Today’s blog optimistically embraces ‘out with the old and in with the new’, inspired by the appropriately entitled ‘Stuffocation – Living More With Less.’
“What’s to be optimistic about people living with (and therefore buying) fewer things ?” you ask. Well, before we divulge it’s probably worth revisiting James Wallman’s central tenet, which is that consumers are eschewing material possessions in preference for experiences, giving rise to ‘experientialism’. So as the stuff we own becomes a source of anxiety, our happiness, success and status will be measured in experiential rather than material terms.
Fear of Missing Out
Along the way ‘Stuffocation’ examines consumerism in 20’s America, the birth of advertising and the rise of planned obsolesence. Each section lays a trail to modern day phenomena such as ‘Status Anxiety’, ‘Affluenza’ and its social media sibling ‘FOMO’ (Fear Of Missing Out). There’s even a reprise of Everett Rogers’ cultural adoption curve from ‘The Diffusion of Innovation’.
Coincidentally, recent news has been peppered with tales of over-supply. As if reaching ‘Peak Beard’ wasn’t bad enough, IKEA announced that we have reached ‘Peak Furnishing’. Apparently we are also fast approaching ‘Peak Clothing’ as the average number of items bought by Americans (64 in 2012) stalled for the first time in decades.
Breath of Fresh Air
Of course you pays your money and takes your choice with cultural forecasting, but overall ‘Stuffocation’ offers plenty for marketing historians, sociologists and crystal ball gazers alike, suggesting that in a post materialist society brands will be rewarded in proportion to their ability to create and deliver experiences. Certainly ‘collaborative consumption’ is building apace with brands like Airbnb, Zipcar and Spotify appearing alongside the possibly less famous Borrow My Doggy, Girl Meets Dress and Parkonmydrive. And a number of established brands have moved into the ‘less is more space’ space with Nudie, Levis and Patagonia advocating repair over re-purchase. At the same time the popularity of experiential entertainment has increased through Punchdrunk, Secret Cinema and the recent immersive production of Sweeney Todd.
Every Little Helps
Accepting that the drinks and technology sectors are some way ahead of the aforementioned curve, the opportunity remains for clearly defined brands to improve the consumer experience. Wallman references an article by Joe Pine in the Harvard Business Review, distinguishing service from experience, as an example “Not only do Apple make sure that their products are products that people love to use. They also think about the packaging, about the box opening experience, even that is unique and engaging”.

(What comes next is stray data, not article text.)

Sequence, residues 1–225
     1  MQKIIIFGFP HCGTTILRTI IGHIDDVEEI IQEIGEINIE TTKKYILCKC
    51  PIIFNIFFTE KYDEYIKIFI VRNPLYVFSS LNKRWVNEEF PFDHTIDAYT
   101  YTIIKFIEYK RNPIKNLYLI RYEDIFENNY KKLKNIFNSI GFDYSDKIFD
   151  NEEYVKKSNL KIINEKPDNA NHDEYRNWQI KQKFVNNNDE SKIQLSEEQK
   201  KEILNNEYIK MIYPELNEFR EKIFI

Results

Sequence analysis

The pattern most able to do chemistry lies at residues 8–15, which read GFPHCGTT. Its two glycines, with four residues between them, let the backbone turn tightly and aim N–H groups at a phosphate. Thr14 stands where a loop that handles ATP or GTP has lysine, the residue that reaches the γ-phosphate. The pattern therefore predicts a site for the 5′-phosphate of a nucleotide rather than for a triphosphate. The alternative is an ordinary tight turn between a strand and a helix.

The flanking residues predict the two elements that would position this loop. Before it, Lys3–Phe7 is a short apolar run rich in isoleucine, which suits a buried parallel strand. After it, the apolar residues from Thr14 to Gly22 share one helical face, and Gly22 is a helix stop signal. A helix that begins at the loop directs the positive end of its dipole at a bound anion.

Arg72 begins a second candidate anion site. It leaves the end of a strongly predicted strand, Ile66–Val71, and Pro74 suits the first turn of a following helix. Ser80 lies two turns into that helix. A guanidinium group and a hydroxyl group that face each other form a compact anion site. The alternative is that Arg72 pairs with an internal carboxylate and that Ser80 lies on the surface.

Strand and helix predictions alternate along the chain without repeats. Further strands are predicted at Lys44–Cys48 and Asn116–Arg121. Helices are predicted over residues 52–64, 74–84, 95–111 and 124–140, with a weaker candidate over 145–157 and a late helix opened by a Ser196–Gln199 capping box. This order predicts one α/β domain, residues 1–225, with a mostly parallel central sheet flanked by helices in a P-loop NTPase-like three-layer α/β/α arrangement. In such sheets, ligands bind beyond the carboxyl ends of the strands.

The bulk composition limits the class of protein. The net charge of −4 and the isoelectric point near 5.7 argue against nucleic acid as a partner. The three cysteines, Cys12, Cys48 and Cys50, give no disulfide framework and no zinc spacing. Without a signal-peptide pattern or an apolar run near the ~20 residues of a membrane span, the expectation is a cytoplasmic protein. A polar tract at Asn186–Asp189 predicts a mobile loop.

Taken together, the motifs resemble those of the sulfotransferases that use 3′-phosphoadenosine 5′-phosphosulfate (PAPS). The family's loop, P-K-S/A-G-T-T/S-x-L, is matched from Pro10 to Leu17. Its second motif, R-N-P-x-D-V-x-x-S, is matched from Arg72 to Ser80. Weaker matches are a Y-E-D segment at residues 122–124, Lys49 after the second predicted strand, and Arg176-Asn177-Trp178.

Perhaps no surprise then that Tesco have gone back to the familiar brand territory of ‘Serving Britain’s shoppers a little better, every day.’ to recover their fortunes.
New Experience, Fresh Revenue
And beyond that one can only wonder at how organisations already sitting on experiential ‘capital’ might bring those assets to life, reaching out to new audiences and creating deeper relationships with current users. In the cultural sector alone, the opportunities for museums, galleries and performing arts venues to extend beyond ‘Lates’ and ‘Behind the Scenes’ events through new experiential events might go more than some way to bolster ‘secondary spend’. Likewise in publishing where the selling of escapism, either through the imagination (books) or the lives of others (magazines) might merely be the leaping-off point for new experiences. And although the gaming industry are no slouches in this department, the opportunities afforded by next generation of virtual/hyper/hybrid reality are endless.
So can less really mean more this year? We’ll let you be the judges. But one thing is certain – those brands with a clear understanding of what they stand for will be in pole position should the consumer clear-out commence.
Muse regularly work with brands to better understand their potential. If you’d like to more about our work you can visit our website here.